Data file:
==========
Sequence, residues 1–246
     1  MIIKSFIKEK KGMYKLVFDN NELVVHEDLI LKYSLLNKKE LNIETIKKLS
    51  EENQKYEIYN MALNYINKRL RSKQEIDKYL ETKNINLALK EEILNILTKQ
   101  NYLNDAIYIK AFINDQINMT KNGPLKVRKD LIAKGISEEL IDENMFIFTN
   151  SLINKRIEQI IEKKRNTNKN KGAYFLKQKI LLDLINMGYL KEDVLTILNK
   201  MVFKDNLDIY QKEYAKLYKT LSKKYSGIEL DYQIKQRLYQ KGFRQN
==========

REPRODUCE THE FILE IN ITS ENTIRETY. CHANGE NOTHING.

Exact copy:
Sequence, residues 1–246
     1  MIIKSFIKEK KGMYKLVFDN NELVVHEDLI LKYSLLNKKE LNIETIKKLS
    51  EENQKYEIYN MALNYINKRL RSKQEIDKYL ETKNINLALK EEILNILTKQ
   101  NYLNDAIYIK AFINDQINMT KNGPLKVRKD LIAKGISEEL IDENMFIFTN
   151  SLINKRIEQI IEKKRNTNKN KGAYFLKQKI LLDLINMGYL KEDVLTILNK
   201  MVFKDNLDIY QKEYAKLYKT LSKKYSGIEL DYQIKQRLYQ KGFRQN